Have you ever laid awake at night because a cat is scratching at the door, running across your bed (and you), pawing at your face, or meowing to be fed? Here are a few tips to avoid cat-related sleep deprivation.
- Ignore your cat’s nighttime activities. Yelling or throwing your slipper at her will inadvertently reinforce her behavior. From a cat’s point of view, any attention is better than no attention. If necessary, confine your cat to a part of your home where ignoring her pleas for attention is possible.
- Schedule feedings and playtime at regular intervals that are appropriate for the schedule you wish your cat to keep.
- Feed your cat her largest meal right before bedtime to keep hunger at bay.
- Increase your cat’s daytime activity level. Play with her as often as you can. Daytime exercise will make your cat more tired at night, and disrupts those long naps for which cats are famous.
- Try to establish a routine wherein you and kitty engage in a rousing play session just before you go to bed each night.
- Put toys around the house in hiding places that range from easy to moderately hard. The idea is that kitty finds the toys and is delighted to play with his discoveries. You probably don’t want to hide toys with bells in them, or toys that make a lot of noise as they roll on the floor and bounce off the walls.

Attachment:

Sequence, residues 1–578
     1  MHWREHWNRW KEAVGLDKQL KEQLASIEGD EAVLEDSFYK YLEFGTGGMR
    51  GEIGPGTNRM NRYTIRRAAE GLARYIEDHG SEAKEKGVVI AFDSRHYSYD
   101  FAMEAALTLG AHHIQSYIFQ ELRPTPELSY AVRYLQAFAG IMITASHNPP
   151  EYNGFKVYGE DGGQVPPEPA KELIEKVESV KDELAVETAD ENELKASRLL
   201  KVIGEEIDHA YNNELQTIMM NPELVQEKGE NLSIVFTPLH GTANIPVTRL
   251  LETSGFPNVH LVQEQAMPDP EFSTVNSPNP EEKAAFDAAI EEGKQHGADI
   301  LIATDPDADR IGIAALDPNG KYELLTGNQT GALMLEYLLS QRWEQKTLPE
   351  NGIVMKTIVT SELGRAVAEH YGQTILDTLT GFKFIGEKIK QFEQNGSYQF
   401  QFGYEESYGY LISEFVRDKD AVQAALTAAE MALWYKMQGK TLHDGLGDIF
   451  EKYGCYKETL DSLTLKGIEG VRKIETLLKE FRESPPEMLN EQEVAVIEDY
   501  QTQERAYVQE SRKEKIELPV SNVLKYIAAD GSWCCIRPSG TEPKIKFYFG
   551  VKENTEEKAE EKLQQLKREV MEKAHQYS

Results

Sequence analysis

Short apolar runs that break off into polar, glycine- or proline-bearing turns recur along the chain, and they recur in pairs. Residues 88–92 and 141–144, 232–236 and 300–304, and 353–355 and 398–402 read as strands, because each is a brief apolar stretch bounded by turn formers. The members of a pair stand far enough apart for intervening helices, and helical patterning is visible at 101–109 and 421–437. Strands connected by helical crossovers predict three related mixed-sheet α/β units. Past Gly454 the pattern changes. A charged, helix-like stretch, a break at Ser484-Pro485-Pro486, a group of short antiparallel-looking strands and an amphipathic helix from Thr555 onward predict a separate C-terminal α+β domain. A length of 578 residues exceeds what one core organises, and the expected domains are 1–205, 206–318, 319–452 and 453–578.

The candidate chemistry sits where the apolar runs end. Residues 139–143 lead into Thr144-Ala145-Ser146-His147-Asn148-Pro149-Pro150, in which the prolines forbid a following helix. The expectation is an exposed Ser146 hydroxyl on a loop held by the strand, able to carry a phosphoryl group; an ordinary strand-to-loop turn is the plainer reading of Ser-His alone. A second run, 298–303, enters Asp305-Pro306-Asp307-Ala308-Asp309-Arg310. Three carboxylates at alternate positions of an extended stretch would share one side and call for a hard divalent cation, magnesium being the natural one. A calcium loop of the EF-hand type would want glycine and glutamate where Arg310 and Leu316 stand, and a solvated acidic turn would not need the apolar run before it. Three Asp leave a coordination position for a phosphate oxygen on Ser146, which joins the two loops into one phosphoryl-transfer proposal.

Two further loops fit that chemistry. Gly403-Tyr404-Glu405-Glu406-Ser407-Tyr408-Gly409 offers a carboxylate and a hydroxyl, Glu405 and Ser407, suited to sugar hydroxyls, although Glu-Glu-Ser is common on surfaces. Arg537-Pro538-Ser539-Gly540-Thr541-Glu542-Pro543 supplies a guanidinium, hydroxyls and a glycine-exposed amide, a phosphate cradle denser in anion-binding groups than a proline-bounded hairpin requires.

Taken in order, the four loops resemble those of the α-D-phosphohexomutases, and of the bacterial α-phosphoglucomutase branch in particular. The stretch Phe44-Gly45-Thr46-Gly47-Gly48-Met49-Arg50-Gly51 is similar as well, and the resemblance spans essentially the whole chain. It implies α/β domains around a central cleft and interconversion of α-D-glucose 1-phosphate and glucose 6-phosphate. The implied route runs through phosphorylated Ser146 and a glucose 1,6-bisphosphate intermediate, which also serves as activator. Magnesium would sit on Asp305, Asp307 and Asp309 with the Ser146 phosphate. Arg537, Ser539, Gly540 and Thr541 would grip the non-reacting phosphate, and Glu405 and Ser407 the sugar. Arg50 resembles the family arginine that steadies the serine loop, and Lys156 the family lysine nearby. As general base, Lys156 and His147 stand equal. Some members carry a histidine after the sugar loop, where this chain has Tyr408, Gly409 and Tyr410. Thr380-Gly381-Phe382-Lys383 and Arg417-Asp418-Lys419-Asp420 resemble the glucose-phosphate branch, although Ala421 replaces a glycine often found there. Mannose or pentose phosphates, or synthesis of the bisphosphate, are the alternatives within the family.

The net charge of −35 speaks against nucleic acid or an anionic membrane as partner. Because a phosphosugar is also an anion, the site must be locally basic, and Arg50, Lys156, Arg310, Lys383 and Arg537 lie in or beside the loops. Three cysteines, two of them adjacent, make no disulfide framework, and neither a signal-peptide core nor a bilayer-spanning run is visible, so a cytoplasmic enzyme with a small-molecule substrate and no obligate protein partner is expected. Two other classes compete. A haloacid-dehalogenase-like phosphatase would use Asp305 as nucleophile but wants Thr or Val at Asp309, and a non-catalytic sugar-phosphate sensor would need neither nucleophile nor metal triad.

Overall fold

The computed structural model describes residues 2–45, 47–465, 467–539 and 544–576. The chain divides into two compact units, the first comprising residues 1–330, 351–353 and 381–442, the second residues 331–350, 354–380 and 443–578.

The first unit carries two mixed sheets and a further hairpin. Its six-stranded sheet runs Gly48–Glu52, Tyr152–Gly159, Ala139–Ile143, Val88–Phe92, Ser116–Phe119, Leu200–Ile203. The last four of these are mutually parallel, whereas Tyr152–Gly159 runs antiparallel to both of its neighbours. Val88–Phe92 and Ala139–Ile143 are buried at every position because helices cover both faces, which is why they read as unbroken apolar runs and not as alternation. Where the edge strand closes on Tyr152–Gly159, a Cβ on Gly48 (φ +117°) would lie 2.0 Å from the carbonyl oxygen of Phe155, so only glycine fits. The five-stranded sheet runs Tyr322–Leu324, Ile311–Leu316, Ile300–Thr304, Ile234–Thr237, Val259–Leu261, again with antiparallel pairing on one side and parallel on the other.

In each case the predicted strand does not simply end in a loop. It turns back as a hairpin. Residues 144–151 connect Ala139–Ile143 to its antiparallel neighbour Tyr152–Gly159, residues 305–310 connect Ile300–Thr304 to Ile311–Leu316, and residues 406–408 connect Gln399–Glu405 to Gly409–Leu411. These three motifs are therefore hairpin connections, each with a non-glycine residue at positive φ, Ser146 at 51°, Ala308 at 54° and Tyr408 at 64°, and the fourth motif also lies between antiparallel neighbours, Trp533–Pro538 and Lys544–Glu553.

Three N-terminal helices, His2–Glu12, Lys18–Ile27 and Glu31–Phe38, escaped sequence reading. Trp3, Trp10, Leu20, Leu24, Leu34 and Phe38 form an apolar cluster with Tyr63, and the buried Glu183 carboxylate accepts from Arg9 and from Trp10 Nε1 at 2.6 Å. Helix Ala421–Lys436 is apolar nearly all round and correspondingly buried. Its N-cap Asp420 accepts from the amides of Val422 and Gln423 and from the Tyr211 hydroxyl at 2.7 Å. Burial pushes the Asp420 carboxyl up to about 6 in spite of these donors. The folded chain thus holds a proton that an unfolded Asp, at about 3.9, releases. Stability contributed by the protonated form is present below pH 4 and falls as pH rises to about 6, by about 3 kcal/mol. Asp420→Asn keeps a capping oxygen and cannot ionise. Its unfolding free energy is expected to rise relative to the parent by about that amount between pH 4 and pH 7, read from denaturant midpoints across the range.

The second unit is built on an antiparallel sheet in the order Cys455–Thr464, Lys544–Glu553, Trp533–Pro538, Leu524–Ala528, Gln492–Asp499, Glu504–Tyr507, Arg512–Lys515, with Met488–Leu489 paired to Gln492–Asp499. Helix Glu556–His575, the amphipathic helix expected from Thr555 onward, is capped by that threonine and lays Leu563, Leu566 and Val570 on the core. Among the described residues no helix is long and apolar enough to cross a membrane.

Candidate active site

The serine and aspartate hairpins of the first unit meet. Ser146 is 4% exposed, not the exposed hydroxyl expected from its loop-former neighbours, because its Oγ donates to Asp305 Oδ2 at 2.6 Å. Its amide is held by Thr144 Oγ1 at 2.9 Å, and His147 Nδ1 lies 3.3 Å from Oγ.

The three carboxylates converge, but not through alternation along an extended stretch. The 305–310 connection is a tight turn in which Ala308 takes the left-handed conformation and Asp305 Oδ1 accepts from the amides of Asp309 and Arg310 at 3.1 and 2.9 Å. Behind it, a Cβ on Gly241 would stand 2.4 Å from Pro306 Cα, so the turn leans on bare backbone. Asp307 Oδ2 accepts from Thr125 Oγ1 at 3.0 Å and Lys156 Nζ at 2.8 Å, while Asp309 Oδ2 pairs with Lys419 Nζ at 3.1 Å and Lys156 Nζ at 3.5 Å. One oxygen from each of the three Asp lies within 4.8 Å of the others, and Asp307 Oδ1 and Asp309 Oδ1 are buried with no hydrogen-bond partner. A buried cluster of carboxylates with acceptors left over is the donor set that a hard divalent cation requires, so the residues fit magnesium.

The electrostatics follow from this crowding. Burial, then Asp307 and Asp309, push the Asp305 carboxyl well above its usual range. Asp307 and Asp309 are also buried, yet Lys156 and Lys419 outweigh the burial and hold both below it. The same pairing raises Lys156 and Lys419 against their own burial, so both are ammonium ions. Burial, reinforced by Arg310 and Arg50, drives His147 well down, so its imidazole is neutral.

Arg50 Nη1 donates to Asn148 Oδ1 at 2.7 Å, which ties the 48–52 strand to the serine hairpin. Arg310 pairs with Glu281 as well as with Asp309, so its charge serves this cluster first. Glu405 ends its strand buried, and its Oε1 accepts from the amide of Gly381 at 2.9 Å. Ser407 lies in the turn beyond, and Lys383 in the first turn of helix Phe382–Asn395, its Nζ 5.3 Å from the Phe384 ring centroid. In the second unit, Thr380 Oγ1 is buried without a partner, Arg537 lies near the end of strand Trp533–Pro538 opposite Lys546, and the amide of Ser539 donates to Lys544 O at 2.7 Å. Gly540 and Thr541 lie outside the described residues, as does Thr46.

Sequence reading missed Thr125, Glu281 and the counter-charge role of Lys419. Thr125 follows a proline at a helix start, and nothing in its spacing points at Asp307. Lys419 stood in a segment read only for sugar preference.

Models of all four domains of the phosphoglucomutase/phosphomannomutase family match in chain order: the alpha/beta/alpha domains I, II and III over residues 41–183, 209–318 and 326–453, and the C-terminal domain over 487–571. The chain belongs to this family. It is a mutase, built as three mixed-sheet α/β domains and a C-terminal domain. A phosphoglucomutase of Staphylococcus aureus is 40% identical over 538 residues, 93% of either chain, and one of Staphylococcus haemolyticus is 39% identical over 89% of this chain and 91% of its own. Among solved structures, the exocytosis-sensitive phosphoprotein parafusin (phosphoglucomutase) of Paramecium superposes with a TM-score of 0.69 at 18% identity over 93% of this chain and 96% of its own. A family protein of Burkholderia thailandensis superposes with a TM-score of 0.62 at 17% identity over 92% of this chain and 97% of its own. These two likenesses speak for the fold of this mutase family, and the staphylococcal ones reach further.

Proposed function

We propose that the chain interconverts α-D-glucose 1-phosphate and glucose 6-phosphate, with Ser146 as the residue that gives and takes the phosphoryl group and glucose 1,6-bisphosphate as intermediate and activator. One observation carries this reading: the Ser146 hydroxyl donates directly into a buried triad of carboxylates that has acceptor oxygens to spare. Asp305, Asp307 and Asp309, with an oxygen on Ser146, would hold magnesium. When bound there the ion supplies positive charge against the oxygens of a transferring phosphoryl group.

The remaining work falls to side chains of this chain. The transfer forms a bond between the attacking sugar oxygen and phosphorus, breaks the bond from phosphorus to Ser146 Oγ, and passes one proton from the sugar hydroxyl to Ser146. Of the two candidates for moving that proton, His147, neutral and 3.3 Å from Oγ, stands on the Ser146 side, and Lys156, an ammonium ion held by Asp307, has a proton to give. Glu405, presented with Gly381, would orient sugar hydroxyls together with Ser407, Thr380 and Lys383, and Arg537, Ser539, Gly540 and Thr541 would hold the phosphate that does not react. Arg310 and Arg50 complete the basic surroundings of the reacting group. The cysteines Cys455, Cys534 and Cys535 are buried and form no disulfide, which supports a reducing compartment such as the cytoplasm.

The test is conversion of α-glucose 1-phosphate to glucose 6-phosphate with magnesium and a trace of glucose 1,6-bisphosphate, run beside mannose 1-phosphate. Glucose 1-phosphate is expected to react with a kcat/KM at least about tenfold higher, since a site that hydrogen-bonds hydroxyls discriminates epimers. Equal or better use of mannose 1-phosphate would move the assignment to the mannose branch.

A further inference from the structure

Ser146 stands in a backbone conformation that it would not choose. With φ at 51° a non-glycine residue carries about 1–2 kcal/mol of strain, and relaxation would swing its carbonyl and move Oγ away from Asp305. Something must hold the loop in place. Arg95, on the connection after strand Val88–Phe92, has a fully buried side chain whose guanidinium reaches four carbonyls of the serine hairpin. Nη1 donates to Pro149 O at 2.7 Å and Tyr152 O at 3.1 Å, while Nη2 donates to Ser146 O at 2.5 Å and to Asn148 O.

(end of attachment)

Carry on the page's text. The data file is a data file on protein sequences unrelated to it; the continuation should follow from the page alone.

- Make your bedroom off-limits at all times. Once a cat finds your bed a comfortable place to snooze during the day, he will automatically want to sleep with you at night. Give kitty a comfortable bed in a spare room, corner of the living room (with a screen for privacy), or even a bathroom. If necessary, rub a bit of catnip on the bed initially, to encourage him to use it.
- A single cat may easily become bored at home alone all day, and rightfully will expect his human companion to give him attention in the evening and at night. A second cat will give him companionship of his own kind to keep him happy during the day, and will lessen those nocturnal urges to wake you for play. This is especially true with kittens, who have much more excess energy to burn during their first year of growth. Two kittens are almost always better than one.
- Anytime during the day or evening when you see your cat sleeping – wake him up! Gently be a pest just like he is towards you at 3 in the morning. Don’t let him sleep. Insist that he play with you now. In 10 days to 2 weeks your cat will sleep all night long because he has been sleep deprived during the day